A tentative agreement between striking screenwriters and Hollywood studios offers some hope that the industry's dual walkouts may soon be over. But when will your favorite shows return?
Well, it's complicated. First, the agreement needs to pass two key votes — one involving the boards of the screenwriters union, followed by a vote by the 11,500 members themselves.
Then there's the fact that 65,000 film and television actors remain on strike. That work stoppage will prevent many projects from returning to normal. Certain paused productions such as “Deadpool 3," “Yellowjackets” and the next film from Quentin Tarantino will still have to wait on actors to reach a deal with studios.
Once the contract is approved, work will resume more quickly for some writers than others. Late-night talk shows were the first to be affected when the strike began, and they may be among the first to return to air now. NBC’s “The Tonight Show Starring Jimmy Fallon,” ABC’s “Jimmy Kimmel Live” and “The Late Show With Stephen Colbert” on CBS could come back within days.
They will return with a guest shortage, however. The actors strike limits promotional appearances that are the lifeblood of late-night shows.
“Saturday Night Live” might be able to return for its 49th season. Its writers could be at work soon on sketches, and its actors could perform because they work under a different contract not covered by the actors strike, though as union members they may be reluctant to do so.
Shows that return while actors are still picketing could prove controversial, as happened with the planned resumptions of daytime shows including “The Drew Barrymore Show” and “The Talk.” Those plans were later abandoned.
One show that’s likely to make a speedy return is “Real Time with Bill Maher.” The host plotted a return without writers but ended up postponing once last week’s negotiations were set.
Writers rooms for scripted shows that shut down at the strike’s onset, including Netflix’s “Stranger Things,” “Severance” on Apple TV+ and “Abbott Elementary” on ABC are also likely to reactivate quickly. But with no performers to act out the scripts, long delays between page and screen will be inevitable.
Film writers will also get back to work on their slower timeline, though those working on scripts or late revisions for already scheduled movies — including “Deadpool 3” and “Superman: Legacy” — will certainly be hustling to avoid further release-date delays.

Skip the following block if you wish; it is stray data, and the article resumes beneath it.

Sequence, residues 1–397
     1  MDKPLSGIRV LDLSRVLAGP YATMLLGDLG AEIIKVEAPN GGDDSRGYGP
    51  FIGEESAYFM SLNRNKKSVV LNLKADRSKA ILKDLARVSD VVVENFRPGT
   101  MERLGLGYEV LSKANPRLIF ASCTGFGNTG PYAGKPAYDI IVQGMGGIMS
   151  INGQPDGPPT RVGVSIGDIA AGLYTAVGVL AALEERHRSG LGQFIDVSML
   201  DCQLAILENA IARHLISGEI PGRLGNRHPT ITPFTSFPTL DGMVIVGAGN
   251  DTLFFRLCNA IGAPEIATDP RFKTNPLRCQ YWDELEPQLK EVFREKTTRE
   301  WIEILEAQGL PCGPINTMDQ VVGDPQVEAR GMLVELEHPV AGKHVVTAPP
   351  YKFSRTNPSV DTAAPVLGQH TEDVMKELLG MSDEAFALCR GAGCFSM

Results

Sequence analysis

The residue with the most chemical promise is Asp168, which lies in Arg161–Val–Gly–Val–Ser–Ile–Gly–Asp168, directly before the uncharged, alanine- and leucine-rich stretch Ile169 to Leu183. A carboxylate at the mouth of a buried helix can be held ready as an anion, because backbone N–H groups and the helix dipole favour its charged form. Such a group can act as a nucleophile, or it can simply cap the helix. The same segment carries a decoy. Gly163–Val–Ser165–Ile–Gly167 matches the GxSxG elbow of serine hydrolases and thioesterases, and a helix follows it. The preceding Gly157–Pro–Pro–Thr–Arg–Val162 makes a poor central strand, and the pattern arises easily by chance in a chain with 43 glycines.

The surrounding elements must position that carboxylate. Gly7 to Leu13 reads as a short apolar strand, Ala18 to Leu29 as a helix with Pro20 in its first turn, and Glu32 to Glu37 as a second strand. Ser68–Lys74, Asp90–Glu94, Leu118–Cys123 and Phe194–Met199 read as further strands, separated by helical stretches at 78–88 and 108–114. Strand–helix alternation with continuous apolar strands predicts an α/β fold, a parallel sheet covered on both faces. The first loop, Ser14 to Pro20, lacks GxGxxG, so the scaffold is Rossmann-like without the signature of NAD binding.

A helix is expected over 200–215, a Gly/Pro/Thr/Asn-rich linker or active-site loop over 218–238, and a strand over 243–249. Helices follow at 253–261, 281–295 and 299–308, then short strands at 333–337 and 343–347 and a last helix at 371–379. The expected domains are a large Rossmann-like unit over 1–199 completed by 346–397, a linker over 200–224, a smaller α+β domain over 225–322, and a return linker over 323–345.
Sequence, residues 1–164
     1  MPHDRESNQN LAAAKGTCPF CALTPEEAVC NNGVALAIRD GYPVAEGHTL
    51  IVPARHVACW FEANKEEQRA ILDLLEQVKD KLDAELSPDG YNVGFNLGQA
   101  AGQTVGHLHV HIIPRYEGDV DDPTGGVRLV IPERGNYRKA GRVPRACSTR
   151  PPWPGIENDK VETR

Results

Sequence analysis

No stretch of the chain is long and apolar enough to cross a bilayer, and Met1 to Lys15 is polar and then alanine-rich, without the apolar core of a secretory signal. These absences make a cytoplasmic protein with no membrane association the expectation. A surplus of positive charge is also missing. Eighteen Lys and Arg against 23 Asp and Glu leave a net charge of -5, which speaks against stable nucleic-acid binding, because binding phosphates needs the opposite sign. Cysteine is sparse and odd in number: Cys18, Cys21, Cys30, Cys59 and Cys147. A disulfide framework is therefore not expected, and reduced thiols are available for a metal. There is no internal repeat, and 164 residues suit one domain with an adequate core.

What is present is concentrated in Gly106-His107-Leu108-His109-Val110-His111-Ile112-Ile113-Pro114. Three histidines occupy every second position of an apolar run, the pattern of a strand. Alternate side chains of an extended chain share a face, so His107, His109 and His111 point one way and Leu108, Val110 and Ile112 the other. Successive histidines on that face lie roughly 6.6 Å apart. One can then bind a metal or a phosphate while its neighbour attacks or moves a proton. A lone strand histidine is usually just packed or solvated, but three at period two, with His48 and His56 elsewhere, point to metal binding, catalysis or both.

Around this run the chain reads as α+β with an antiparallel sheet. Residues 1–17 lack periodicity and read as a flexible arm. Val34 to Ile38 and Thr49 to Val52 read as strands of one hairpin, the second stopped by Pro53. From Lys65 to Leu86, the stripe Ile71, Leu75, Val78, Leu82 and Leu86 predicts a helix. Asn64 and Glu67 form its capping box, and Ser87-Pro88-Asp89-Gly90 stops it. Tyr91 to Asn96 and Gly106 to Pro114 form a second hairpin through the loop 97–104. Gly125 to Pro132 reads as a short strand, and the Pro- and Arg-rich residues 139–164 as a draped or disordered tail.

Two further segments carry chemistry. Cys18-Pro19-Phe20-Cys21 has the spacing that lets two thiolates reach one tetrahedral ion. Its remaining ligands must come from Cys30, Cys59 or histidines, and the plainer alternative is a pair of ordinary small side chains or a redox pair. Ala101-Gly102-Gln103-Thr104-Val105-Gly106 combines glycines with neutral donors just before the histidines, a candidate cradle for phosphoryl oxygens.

Director Quentin Tarantino's 10th film, “The Movie Critic,” is among the scripts that are written whose makers are awaiting actors' return to sets.
Barrymore's planned return to her daytime television show became a rallying point for picketers earlier this month, prompting her to cancel her plans. “The Talk” and “The Jennifer Hudson Show,” which also employ some screenwriters, also called off plans to return.
Barrymore and the other shows have not announced their plans for returning. However, the Writers Guild of America has made it clear: Guild members cannot start working again on projects until the tentative contract is ratified.
That vote has not yet been scheduled.
Absolutely. Networks had to get creative with fall programming by tapping into international shows, game shows and more sports. But there are still several new series and movies coming out this year.
Some standout newcomers include a “Walking Dead” show focused on fan favorite Daryl Dixon and a “John Wick” prequel series that are airing now. Still to premiere are a new Jesse L. Martin NBC series, “Irrational," and a “Frasier” sequel.
The PBS lineup is largely unaffected. It includes a Ken Burns documentary series, “The American Buffalo,” and a drama show about the lives of people fighting World War II airing. The network also has nonfiction shows that examine Elon Musk's Twitter takeover, Russia's invasion of Ukraine and the Houston Astros cheating scandal, as well as how animals are adapting to human-caused habitat changes.
Movie theaters will have a mix of Oscar contenders and action films. Martin Scorsese's “Killers of the Flower Moon,” starring Leonardo DiCaprio, Robert DeNiro and Lily Gladstone, will be out in October. November brings the newest Marvel film, “The Marvels,” as well as the prequel “The Hunger Games: The Ballad of Songbirds & Snakes.”
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